The new Audi RS 3 Sportback* completes the Ingolstadt premium automaker’s sporty vanguard in the compact segment. Following the world premiere of the RS 3 Sedan* at the 2016 Paris Motor Show, the RS 3 Sportback now stands poised to make its entry at the Geneva International Motor Show. With the most powerful production five-cylinder in the world, outstanding dynamism and an even sharper look, the car offers an emotional driving experience.
“The Audi RS 3 Sportback offers our customers an attractive introduction to the RS world,” said Stephan Winkelmann, CEO of Audi Sport GmbH. “Since 2011 the sporty compact model has proved itself extremely successful on the market. And with the new five-cylinder engine, the Audi RS 3 Sportback is at the head of its class and continuing that strong track record.”
From 0 to 100 km/h (62.1 mph) in 4.1 seconds Behind the impressive performance of the Audi RS 3 Sportback is the world’s most powerful production five-cylinder engine – the 2.5 TFSI. It delivers 294 kW (400 hp) of output – 33 hp more than the predecessor engine – and is 26 kilograms (57.3 lb) lighter thanks to its aluminum crankcase, among other features. Its maximum torque of 480 Nm (354.0 lb-ft) is available at engine speeds as low as 1,700 rpm and remains constant up to 5,850 rpm. That’s how the RS 3 Sportback is able to sprint from 0 to 100 km/h (62.1 mph) in 4.1 seconds. The effect of this extraordinary tractive power is intensified by the five-cylinder’s unmistakable sound, which comes from having the ignition alternate between directly adjacent cylinders and widely spaced ones. On request, Audi will increase the electronically limited top speed from 250 km/h (155.3 mph) to 280 km/h (174.0 mph).
For better mixture preparation, the new 2.5 TFSI engine employs dual injection into the intake manifold and into the combustion chambers. On the exhaust side, the Audi valvelift system controls the duration of valve opening depending on the throttle and engine speed – for moderate fuel consumption at low and partial load as well as more spontaneous throttle response and a high level of tractive power at full load. In the New European Driving Cycle (NEDC) the RS 3 Sportback uses 8.3 liters of fuel per 100 kilometers (28.3 US mpg), which equates to 189 grams of CO2 per kilometer (304.2 g/mi).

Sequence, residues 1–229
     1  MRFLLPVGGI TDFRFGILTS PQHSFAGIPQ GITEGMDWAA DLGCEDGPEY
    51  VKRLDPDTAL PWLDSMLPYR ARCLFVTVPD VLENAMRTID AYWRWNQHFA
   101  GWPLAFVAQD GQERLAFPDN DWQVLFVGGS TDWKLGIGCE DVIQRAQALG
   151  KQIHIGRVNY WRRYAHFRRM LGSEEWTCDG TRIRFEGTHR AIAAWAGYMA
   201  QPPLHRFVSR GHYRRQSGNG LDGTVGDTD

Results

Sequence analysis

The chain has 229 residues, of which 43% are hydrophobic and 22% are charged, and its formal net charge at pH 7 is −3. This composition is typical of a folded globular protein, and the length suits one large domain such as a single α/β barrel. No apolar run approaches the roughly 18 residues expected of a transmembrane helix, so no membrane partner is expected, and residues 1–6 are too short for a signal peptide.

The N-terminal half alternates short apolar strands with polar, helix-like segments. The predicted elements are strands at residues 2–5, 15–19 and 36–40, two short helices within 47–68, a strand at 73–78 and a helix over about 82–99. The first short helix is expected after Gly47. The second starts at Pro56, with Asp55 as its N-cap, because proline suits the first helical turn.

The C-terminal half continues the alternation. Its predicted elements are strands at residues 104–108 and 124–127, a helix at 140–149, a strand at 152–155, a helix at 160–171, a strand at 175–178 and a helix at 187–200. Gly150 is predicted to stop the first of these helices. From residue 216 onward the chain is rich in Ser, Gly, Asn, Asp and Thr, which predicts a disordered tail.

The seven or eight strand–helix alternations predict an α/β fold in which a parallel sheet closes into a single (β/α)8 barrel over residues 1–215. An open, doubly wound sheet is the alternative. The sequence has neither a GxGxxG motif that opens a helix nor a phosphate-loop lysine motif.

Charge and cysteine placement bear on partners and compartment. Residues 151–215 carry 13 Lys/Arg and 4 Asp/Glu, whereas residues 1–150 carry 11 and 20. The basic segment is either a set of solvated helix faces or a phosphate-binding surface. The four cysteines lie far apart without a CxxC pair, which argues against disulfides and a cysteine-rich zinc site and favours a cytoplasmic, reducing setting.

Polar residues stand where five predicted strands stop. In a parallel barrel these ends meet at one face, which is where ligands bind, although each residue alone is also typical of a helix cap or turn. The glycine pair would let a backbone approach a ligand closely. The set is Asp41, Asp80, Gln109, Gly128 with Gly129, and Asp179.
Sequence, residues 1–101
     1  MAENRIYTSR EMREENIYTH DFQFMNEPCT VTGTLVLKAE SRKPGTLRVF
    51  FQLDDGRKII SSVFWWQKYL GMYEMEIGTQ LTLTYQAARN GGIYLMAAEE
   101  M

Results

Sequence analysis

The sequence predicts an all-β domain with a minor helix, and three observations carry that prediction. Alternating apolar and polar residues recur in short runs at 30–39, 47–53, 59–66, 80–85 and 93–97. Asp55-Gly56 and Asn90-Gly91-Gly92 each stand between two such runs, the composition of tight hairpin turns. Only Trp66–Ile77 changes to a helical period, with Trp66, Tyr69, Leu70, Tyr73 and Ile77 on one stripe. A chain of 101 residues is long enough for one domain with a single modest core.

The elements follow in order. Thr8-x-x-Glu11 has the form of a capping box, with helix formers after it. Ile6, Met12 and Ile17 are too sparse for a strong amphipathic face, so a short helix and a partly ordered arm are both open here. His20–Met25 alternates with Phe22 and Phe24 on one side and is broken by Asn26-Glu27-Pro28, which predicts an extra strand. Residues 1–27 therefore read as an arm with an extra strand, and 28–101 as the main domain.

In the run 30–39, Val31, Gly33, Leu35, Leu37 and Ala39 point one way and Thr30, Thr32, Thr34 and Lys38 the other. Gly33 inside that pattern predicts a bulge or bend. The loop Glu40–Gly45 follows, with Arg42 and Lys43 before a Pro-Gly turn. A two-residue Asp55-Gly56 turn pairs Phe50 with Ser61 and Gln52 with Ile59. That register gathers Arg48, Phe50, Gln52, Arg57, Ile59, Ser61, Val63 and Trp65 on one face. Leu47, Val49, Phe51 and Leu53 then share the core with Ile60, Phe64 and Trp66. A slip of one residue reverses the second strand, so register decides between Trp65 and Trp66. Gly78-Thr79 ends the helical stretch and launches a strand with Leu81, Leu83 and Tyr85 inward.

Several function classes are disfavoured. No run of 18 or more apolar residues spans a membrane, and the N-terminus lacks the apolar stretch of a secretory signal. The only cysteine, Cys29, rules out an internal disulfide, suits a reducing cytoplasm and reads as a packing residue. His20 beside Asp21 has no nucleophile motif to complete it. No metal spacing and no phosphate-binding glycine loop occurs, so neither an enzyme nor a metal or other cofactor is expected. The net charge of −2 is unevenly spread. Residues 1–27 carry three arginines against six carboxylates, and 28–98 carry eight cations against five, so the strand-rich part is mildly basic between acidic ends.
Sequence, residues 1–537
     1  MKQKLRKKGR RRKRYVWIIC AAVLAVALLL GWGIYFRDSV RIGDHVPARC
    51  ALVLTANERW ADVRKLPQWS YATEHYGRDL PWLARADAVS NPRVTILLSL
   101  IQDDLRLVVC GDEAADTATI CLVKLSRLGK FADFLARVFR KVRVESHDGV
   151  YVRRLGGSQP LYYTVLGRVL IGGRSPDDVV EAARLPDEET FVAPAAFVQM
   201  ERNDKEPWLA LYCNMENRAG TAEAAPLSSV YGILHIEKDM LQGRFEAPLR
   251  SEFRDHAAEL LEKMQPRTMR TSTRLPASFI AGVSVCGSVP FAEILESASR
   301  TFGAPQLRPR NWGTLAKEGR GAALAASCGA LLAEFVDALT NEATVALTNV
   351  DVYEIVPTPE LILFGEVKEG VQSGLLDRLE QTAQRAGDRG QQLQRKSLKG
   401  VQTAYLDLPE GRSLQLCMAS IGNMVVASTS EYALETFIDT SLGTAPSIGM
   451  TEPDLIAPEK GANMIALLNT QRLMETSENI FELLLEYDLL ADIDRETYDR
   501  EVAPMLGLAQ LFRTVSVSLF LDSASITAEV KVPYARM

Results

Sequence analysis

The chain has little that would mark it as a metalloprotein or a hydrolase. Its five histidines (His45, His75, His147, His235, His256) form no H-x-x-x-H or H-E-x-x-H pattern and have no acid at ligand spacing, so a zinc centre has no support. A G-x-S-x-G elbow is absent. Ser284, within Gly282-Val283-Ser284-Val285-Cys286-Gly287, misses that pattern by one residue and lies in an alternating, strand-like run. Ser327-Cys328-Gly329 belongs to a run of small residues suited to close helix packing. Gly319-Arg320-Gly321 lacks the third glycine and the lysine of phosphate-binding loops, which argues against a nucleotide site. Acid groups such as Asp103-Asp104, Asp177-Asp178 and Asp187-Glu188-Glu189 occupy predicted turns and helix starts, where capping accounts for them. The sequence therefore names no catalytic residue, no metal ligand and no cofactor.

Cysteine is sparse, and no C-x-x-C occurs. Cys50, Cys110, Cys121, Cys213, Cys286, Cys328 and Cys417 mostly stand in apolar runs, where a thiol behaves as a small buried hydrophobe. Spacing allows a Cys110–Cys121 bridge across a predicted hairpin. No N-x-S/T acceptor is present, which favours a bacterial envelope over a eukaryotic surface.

quattro drive with variable distribution of power The S tronic seven-speed dual-clutch transmission and quattro permanent all-wheel drive transfers the power of the five cylinders to the road. And the electro-hydraulic multi-plate clutch distributes the drive torque variably between the axles. The sportier the driving, the faster and more often a large share of the torque reaches the rear axle. quattro management is integrated as a standard feature in the dynamic handling system Audi drive select, as are the steering, S tronic, the engine management, the adjustable exhaust flaps, and the optional RS sport suspension with adaptive damper control. The driver can individually vary the operation of these components between three modes – comfort, auto and dynamic. Handling is perfected using the Electronic Stabilization Control (ESC) with wheel-selective torque control and the sport mode specially tuned for the RS.
Wider track and sporty suspension setup Together with progressive steering, the four-link rear axle, and the tight suspension setup lowered by 25 millimeters (1.0 in) relative to the A3, the RS 3 Sportback combines fascinating dynamism with superior stability. Compared to that production model, the track at the front axle of the RS 3 Sportback is wider by 20 millimeters (0.8 in) – and the wheel arches are accordingly flared wider. As standard, Audi includes 19-inch cast wheels and 235/35 tires, and brake disks with a diameter of 310 millimeters (12.2 in). Alternatively, customers will be able to choose carbon-fiber ceramic disks in front. At the rear axle, brake disks with a diameter of 310 millimeters (12.2 in) are used.